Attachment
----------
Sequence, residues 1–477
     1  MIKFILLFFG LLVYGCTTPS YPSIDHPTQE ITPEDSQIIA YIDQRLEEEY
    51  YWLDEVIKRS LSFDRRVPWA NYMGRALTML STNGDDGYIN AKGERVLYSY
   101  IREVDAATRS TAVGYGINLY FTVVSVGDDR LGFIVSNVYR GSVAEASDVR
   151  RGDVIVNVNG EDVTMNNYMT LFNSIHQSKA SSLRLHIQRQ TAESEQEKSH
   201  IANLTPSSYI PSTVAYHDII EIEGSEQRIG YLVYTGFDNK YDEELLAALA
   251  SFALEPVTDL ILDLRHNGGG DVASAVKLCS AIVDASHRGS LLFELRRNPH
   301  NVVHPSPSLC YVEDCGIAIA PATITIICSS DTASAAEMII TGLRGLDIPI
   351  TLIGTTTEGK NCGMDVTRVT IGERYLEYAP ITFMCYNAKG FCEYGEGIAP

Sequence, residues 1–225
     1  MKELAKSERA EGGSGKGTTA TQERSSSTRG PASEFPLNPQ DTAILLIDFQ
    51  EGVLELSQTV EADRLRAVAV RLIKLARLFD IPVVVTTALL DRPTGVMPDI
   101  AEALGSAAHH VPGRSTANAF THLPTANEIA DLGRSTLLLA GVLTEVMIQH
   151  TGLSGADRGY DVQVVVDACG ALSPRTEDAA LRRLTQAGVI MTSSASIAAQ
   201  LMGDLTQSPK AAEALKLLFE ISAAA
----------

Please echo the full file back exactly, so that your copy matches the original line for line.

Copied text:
Sequence, residues 1–477
     1  MIKFILLFFG LLVYGCTTPS YPSIDHPTQE ITPEDSQIIA YIDQRLEEEY
    51  YWLDEVIKRS LSFDRRVPWA NYMGRALTML STNGDDGYIN AKGERVLYSY
   101  IREVDAATRS TAVGYGINLY FTVVSVGDDR LGFIVSNVYR GSVAEASDVR
   151  RGDVIVNVNG EDVTMNNYMT LFNSIHQSKA SSLRLHIQRQ TAESEQEKSH
   201  IANLTPSSYI PSTVAYHDII EIEGSEQRIG YLVYTGFDNK YDEELLAALA
   251  SFALEPVTDL ILDLRHNGGG DVASAVKLCS AIVDASHRGS LLFELRRNPH
   301  NVVHPSPSLC YVEDCGIAIA PATITIICSS DTASAAEMII TGLRGLDIPI
   351  TLIGTTTEGK NCGMDVTRVT IGERYLEYAP ITFMCYNAKG FCEYGEGIAP

Sequence, residues 1–225
     1  MKELAKSERA EGGSGKGTTA TQERSSSTRG PASEFPLNPQ DTAILLIDFQ
    51  EGVLELSQTV EADRLRAVAV RLIKLARLFD IPVVVTTALL DRPTGVMPDI
   101  AEALGSAAHH VPGRSTANAF THLPTANEIA DLGRSTLLLA GVLTEVMIQH
   151  TGLSGADRGY DVQVVVDACG ALSPRTEDAA LRRLTQAGVI MTSSASIAAQ
   201  LMGDLTQSPK AAEALKLLFE ISAAA